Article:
Women's mosques

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A women-only mosque in Byblos, Lebanon.

Women's mosques (清真女寺 Qingzhen nusi, 女寺 nusi) have existed in China for several hundred years.[1] They can be found in the Chinese provinces of Henan, Shanxi and Hebei.[2] Some countries beyond China also have women-only mosques, but they are rare.

In China, separate women-only mosques were built by the Muslim communities there. This is in contrast to Muslim communities outside China, where usually men and women will use the same mosque, with gender-segregated washing and prayer rooms. At the end of the Ming Dynasty and early Qing Dynasty, Hui Chinese women had begun to form their own mosques.[3]

For religious reasons, the Hui Muslim communities had started to cultivate more theological learning among the women. As a result, a portion of the female Muslims who had experienced a religious education, gradually incorporated Islamic observances into their daily religious activities, and this produced the establishment of women's mosques.[4]

By the 20th century, there were separate places of worship as women-only mosques. They are a special form of the sacred building, either as a separate institution or mosque attached to an existing larger mosque. Their managers are women, wives of the "Imam" of a larger mosque. The commonly used title for it is Shiniang (师娘).[5]

List of selected women-only mosques[edit]

Women's mosques in China[edit]

Women's mosques outside China[edit]





See also[edit]

External links[edit]


  1. ^ Maria Jaschok: "Religious Women in a Chinese City: Ordering the past, recovering the future - Notes from fieldwork in the central Chinese province of Henan". QEH Working Paper Series - QEHWPS125, S.8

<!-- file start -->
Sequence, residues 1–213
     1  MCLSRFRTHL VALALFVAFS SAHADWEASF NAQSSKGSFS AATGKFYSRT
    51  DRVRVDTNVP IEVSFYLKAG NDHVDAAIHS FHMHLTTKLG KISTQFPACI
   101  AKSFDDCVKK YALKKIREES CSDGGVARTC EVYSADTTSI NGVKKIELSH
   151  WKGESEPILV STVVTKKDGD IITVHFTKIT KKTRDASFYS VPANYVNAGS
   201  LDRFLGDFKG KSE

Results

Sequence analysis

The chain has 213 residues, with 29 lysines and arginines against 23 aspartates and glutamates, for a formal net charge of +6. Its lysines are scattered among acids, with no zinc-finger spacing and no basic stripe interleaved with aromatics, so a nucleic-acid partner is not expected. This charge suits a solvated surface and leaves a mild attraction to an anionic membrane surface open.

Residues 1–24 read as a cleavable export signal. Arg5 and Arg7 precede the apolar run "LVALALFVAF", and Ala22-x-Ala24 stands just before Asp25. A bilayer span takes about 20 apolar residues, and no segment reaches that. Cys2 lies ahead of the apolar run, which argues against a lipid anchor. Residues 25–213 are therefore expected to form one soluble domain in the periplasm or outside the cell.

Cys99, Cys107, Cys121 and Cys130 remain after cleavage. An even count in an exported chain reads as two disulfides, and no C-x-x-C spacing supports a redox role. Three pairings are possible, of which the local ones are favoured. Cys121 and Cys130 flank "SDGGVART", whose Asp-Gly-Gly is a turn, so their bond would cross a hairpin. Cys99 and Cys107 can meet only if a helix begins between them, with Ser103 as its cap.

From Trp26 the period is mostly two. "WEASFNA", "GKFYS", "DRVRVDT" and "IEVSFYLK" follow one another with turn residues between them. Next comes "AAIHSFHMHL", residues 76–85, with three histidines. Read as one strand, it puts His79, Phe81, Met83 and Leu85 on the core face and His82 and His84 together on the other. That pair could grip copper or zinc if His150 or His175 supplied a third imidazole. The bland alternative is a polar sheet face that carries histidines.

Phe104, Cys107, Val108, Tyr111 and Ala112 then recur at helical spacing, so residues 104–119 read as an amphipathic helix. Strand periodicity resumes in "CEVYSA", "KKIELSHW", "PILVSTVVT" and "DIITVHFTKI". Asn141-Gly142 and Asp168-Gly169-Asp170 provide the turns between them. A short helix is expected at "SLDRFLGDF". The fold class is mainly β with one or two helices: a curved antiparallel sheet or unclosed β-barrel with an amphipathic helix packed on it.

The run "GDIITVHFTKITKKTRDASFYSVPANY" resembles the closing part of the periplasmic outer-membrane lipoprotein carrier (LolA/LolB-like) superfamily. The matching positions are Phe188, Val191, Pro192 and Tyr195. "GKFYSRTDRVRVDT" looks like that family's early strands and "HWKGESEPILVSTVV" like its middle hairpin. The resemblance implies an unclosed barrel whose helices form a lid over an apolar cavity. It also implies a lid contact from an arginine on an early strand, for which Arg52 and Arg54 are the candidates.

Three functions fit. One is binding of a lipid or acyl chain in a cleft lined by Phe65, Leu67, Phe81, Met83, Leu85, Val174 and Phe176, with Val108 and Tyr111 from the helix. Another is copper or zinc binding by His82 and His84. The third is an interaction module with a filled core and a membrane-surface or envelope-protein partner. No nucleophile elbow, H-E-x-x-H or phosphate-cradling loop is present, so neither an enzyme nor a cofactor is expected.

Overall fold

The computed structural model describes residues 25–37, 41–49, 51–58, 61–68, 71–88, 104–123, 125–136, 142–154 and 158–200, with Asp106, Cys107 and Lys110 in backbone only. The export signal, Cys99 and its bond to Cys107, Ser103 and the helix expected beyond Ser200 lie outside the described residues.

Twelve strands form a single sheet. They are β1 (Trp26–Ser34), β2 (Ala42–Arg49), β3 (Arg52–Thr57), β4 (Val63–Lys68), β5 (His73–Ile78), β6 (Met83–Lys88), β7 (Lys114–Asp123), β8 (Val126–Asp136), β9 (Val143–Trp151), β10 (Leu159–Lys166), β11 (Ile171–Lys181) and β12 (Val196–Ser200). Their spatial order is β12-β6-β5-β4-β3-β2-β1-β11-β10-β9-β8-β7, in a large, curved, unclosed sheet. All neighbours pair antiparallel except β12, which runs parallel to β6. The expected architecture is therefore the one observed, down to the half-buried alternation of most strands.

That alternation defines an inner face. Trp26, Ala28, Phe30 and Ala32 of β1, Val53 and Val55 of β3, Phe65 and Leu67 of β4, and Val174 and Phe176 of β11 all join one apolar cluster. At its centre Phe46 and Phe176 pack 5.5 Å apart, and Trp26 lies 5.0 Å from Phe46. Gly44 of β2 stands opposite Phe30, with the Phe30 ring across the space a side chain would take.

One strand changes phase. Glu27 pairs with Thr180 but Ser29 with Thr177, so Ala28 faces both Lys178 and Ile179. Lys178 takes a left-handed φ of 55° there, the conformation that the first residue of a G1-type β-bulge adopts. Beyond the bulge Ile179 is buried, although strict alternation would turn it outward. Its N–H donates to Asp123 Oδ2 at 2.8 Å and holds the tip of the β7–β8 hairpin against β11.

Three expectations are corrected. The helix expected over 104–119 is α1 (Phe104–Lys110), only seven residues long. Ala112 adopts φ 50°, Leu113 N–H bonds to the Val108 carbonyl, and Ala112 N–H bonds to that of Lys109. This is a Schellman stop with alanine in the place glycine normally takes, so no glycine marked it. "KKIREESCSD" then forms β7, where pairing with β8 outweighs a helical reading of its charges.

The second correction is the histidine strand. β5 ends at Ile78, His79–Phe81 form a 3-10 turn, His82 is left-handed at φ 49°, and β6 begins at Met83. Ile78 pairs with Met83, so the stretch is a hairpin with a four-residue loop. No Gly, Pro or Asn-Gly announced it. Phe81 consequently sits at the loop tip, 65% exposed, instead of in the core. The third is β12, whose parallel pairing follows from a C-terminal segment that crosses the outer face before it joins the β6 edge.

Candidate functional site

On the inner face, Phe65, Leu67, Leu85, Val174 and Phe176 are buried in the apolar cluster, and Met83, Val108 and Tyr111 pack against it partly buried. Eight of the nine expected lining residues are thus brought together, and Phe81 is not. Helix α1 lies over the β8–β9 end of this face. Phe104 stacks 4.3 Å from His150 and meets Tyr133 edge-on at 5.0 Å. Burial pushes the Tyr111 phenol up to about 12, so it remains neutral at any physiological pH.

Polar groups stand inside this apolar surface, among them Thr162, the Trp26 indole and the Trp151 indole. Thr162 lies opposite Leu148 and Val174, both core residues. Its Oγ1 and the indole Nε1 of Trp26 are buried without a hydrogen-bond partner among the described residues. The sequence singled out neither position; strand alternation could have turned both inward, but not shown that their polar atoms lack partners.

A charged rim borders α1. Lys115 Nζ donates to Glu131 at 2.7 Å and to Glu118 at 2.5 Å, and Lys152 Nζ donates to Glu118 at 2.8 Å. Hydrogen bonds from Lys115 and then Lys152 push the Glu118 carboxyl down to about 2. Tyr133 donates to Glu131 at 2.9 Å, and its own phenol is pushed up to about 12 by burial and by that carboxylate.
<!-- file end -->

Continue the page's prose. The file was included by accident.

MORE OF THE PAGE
2. ^ icampus.ucl.ac.be "Les minorités musulmanes en Chine" ("Les mosquées féminines") (gefunden am 1. April 2010)
  3. ^ vgl. chinalink.de: Die chinesische Frau (gefunden am 1. April 2010)
  4. ^ cnki.com.cn: Beijing lishi shang de Qingzhen nüsi (gefunden am 1. April 2010)
  5. ^ vgl. "Weibliche Imame", Quelle: Jaschok, Maria and Jingju Shui, S. 287-292, Übersetzung aus dem Englischen: C. Schneider (gefunden am 1. April 2010) and Ingrid Mattson: "Can a Woman be an Imam?" - macdonald.hartsem.edu (gefunden am 1. April 2010)
  6. ^ Zhengzhou zählt nach algerie-dz.com: "Mosquées féminines" ("Qingzhen nusi") 18 Männermoscheen und 7 Frauenmoscheen.
  7. ^ [1] Google Maps
  8. ^ vgl. flickr.com: A Women's Mosque in Xian (gefunden am 1. April 2010)
  9. ^ moritzleuenberger.net und sambuh.com: "Abu'l Faiz Khan Mosque (1720)" (gefunden am 1. April); vgl. den Artikel Naqshbandi.
  10. ^ deutsche-welle.de: Erste Moschee für Frauen in Kabul (gefunden am 1. April 2010)
  11. ^ haumaldives.wordpress.com: Aid to women’s mosques terminated and women Imam’s left jobless, as if the deprivations the MDP government of Mohamed Nasheed cause is not enough. (gefunden am 1. April) - Siehe auch Islam auf den Malediven (en)
  12. ^ giga-hamburg.de (gefunden am 1. April 2010)
  13. ^ unesco.org (gefunden am 1. April)
  14. ^ welt.de: "Frauenmoschee für niederländische Feministen" (gefunden am 1. April 2010)
  15. ^ loccum.de: "Wie geht der Dialog weiter?" (gefunden am 1. April 2010) & dmk-berlin.de: "Moscheen und Gebetsräume in Berlin" (gefunden am 1. April 2010)